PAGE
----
Comment by twasher


Comment by George

Hmm… maybe you would like to elaborate what you consider immoral? Our show of concern towards Yong Vui Kong or the state hanging?

Comment by rachelabsinthe

[…] A write-up of the event held at Singapore's Speakers' Corner yesterday to raise concern about Yong's case is online here. […]

Pingback by From trobuled teenager to death row: the story of Yong Vui Kong « Asian Correspondent

[…] aka Speakers Corner on Dec 6, 2009 (Sun). Read Rachel’s TOC report here and her blog update here. Choon Hiong preparing for the group photo People starting to gather. Seelan speaking to the […]

Pingback by {Pics} Behind-the-scenes at Vui Kong, We Care « Jacob 69er

Was there an outcome from Tuesday’s appeal at the Supreme court?

Comment by Merv

Court of Appeal granted Yong a second stay of execution.

Comment by rachelabsinthe

You’re doing a fabulous job here, Rachel, thank you. Yong Vui Kong’s case has the power to shift the mandatory death penalty mindset because his is a classic case of a misguided youth who never had a real childhood because of poverty and a broken family. For the state to deprive this 21-year-old of his life for taking a few “wrong turns” would be so monstrous it would forfeit its moral standing in the eyes of most decent humans.

Comment by Antares

Thank you for the encouraging words Antares. 🙂

I am not in this alone and working with the campaigners and seeing Ravi’s tireless dedication has really inspired me to do more. I owe it all to them.

Comment by rachelabsinthe

[…] my friends (yes you!): Time to speak out against death penalty for drug traffickers – Rachel Zeng: Vui Kong, we care (photo and updates) – Today In Singapore: Criminal Law In Singapore – LIANAIN FILMS: The Story Of Yong Vui Kong – […]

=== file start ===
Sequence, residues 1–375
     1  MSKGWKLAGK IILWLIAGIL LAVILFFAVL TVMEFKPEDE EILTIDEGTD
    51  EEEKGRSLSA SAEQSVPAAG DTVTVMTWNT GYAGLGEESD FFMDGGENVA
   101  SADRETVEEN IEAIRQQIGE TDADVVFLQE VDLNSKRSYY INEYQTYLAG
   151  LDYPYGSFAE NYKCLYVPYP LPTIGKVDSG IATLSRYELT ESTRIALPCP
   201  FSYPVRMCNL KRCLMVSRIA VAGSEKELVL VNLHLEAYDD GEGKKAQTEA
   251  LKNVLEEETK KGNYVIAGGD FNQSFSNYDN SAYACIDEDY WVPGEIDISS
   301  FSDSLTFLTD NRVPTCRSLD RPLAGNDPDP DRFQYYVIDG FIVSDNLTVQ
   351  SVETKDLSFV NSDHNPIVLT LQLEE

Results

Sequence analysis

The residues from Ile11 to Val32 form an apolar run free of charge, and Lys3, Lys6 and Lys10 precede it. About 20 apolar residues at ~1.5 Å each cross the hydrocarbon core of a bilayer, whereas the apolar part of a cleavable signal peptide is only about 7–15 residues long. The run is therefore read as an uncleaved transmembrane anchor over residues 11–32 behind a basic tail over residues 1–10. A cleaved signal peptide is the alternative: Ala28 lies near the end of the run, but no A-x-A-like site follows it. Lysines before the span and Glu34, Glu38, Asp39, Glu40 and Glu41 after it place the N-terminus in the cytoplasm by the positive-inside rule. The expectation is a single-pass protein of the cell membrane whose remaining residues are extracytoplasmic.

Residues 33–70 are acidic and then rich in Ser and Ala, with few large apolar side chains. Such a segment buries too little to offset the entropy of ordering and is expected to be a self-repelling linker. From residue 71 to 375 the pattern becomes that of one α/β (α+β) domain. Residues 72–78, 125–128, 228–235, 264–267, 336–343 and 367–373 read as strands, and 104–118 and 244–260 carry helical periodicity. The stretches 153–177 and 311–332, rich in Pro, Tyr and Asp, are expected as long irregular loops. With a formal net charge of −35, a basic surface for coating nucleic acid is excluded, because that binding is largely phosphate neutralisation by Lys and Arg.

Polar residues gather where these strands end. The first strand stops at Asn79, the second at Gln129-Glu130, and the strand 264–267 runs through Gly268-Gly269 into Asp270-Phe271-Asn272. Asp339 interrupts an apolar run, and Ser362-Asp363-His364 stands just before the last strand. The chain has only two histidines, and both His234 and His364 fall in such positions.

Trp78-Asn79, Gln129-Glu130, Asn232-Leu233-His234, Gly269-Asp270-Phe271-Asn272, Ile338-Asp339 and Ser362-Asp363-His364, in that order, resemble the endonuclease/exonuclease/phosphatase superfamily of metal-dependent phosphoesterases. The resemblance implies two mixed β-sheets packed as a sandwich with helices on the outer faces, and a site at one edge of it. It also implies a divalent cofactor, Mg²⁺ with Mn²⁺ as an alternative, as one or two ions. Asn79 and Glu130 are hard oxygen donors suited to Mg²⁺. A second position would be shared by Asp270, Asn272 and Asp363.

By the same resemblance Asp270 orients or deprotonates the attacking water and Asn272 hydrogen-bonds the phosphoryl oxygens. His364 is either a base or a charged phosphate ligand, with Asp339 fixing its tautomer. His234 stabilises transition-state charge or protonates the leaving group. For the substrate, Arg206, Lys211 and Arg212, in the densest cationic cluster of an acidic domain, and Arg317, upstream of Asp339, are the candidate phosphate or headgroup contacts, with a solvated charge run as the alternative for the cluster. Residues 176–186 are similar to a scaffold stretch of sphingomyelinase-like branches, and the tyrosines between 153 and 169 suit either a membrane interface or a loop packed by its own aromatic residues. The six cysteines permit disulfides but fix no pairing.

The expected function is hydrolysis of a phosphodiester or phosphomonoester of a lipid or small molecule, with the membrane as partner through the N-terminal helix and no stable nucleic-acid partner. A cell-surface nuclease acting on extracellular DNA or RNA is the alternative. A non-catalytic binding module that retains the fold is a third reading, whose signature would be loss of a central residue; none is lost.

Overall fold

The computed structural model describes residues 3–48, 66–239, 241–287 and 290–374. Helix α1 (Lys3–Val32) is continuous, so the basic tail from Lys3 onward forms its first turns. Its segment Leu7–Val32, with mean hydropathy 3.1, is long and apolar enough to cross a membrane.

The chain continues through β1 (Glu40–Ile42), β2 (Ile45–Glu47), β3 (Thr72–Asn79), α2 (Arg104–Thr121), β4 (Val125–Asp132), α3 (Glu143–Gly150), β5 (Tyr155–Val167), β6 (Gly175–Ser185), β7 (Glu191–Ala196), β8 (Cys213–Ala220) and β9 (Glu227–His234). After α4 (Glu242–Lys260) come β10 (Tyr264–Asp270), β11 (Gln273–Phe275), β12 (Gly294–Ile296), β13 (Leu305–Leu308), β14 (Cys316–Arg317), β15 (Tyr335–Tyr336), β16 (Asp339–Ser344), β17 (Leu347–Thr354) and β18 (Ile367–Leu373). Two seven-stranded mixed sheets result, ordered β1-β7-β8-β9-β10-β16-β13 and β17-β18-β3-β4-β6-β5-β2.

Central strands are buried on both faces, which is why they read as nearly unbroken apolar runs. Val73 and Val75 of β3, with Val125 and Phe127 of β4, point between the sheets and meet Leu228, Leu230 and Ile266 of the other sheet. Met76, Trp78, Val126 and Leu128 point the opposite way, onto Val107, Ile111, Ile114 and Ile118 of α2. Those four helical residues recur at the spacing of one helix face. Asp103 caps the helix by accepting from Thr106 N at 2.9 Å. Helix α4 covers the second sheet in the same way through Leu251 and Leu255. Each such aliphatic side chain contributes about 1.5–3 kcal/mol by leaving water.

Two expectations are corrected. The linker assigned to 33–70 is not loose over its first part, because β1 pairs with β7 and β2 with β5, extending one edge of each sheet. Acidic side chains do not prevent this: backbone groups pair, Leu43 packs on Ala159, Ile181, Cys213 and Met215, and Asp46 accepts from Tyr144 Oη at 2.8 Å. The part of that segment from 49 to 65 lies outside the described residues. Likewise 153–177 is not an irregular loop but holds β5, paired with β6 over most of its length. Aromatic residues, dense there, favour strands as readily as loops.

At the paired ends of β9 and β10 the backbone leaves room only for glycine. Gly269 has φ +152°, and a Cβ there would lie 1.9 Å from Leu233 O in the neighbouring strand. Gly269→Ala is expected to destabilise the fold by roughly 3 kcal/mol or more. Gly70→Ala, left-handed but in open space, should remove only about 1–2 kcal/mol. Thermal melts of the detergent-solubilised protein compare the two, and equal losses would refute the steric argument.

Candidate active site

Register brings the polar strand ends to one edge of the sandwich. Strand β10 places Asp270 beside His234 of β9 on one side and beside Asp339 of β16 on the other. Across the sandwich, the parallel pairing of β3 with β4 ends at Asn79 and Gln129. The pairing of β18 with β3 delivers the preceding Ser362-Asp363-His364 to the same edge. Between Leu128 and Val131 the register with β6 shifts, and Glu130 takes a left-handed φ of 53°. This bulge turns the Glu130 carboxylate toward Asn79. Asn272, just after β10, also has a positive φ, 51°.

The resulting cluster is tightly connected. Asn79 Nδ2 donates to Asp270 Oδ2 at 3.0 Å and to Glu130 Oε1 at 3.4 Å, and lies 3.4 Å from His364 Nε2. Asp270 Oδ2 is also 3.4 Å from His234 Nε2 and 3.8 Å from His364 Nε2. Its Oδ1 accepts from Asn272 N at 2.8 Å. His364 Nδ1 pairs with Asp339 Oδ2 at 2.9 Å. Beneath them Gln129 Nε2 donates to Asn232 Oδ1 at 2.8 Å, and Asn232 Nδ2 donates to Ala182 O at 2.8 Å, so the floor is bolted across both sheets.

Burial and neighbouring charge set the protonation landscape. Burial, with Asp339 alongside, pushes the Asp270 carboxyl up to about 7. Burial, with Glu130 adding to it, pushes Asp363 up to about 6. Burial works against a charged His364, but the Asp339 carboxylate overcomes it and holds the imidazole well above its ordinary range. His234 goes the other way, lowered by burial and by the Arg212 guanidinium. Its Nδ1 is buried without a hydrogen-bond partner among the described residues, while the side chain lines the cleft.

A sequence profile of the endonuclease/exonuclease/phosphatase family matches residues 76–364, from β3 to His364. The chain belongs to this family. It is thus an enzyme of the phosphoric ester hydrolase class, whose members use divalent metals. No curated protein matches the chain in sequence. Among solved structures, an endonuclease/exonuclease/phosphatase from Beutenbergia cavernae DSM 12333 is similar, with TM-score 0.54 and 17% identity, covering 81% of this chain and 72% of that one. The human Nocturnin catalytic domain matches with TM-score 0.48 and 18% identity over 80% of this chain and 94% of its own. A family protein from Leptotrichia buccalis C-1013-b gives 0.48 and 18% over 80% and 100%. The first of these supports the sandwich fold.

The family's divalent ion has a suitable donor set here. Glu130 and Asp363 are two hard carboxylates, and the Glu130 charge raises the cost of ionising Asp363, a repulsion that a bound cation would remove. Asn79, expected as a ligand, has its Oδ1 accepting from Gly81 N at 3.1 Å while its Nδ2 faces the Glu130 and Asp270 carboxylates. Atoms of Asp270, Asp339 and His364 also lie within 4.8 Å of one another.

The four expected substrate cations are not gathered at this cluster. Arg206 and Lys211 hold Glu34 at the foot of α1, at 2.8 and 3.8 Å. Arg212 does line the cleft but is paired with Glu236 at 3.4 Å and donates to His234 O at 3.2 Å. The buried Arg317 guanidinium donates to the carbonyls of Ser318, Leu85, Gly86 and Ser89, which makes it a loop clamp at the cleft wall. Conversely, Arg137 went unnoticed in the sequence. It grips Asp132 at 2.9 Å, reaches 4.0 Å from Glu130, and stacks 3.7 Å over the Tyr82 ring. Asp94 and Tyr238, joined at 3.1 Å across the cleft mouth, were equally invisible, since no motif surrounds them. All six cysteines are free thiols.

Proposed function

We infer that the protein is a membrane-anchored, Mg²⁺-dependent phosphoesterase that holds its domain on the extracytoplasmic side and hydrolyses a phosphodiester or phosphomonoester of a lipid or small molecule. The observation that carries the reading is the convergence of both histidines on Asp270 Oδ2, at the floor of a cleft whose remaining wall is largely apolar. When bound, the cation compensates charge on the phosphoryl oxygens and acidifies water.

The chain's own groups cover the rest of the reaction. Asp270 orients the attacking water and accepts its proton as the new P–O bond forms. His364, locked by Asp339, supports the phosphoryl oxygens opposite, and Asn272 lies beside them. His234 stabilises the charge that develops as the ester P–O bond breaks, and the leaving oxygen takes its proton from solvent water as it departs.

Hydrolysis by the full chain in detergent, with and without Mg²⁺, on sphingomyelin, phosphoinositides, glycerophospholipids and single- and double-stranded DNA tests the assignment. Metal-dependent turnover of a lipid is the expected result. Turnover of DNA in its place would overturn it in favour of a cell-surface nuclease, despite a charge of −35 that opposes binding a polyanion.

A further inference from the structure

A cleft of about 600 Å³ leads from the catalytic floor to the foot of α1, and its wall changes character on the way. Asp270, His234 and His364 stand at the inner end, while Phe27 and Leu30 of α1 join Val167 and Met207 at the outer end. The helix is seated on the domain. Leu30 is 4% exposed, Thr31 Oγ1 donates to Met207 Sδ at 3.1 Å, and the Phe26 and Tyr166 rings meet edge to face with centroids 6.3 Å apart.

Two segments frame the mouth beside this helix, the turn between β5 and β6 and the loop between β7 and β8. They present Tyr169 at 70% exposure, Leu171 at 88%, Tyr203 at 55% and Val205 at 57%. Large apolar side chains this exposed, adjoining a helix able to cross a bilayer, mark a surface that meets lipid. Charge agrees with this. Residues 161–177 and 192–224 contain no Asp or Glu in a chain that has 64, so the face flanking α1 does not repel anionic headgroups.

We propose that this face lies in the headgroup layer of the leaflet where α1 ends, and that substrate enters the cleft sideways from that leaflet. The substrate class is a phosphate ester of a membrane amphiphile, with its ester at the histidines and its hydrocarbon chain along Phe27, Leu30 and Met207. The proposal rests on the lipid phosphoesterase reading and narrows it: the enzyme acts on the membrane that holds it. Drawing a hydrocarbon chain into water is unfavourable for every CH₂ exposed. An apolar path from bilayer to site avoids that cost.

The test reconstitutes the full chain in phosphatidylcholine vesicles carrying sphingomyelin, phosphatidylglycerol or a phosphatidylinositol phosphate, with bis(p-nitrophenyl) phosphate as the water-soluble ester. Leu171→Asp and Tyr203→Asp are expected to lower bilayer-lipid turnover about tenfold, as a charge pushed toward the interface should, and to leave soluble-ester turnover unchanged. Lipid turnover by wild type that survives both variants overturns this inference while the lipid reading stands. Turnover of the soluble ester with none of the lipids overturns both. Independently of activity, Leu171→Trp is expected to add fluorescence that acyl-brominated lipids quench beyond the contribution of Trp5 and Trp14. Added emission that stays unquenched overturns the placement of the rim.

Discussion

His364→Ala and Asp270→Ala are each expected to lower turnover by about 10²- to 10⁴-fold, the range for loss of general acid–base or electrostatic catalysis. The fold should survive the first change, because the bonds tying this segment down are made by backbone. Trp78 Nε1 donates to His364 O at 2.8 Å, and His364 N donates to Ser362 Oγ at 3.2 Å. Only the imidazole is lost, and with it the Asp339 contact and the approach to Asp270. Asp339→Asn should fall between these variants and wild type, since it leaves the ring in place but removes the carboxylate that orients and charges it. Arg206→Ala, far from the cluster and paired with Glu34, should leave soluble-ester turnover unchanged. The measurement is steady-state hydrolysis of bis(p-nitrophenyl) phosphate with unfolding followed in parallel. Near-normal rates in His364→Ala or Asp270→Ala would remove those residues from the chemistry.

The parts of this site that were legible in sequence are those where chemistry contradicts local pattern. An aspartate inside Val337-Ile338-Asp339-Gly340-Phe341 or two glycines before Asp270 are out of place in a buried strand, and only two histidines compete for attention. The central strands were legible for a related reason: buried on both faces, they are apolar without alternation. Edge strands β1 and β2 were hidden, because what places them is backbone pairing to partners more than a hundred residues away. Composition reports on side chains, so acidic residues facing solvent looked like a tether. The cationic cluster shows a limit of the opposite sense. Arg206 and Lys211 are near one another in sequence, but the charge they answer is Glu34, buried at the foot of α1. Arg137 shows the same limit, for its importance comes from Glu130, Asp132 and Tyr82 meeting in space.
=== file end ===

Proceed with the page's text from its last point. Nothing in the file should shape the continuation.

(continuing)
Pingback by The Singapore Daily » Blog Archive » Weekly Roundup: Week 50

Racehl, some time ago, TODAY stated that Yong told his mother that he was going away to be a monk. I can’t remember the exact words, but it does seem to contradict the version here.

Can you clarify?

Comment by jem

Hi Jem,

That was kind of like a literal translation of what the brother mentioned to me that day. Yes, he also told the mother he would be sent away to follow the monks to learn more about the way of the Buddha as a form of repentance and as a result, she won’t see him ever again.

Hope this clarifies the point. 🙂


Comment by rachelabsinthe

[…] message is upbeat. There isn’t a hint of self-pity. No plea for mercy. Rather, the boy thanks everyonefor their generosity and […]

Pingback by “For me I’m hoping for a miracle” | The Online Citizen

I still remember Tochi…

Comment by Elljay

[…] During the event, M Ravi who is the legal representative of Yong Vui Kong and a fellow member of SADPC, talked about his journey as a lawyer for death row inmates from the past to the present. He also shared with us Vui Kong’s reaction towards the group photo taken last December  (“Vui Kong, We Care“). […]

Pingback by Give Vui Kong a Second Chance «

[…] the message is upbeat. There isn’t a hint of self-pity. No plea for mercy. Rather, the boy thanks everyone for their generosity and […]

Pingback by “For Me, I’m Hoping For A Miracle” | Lianain Films

[…] on the eve of his execution. Campaigns to save Vui Kong Death Penalty forum for Vui Kong Vui Kong We Care Mandatory Death Penalty Photo Project The Online Citizen’s Campaign Singapore […]

Pingback by Should Vui Kong be given a second chance? |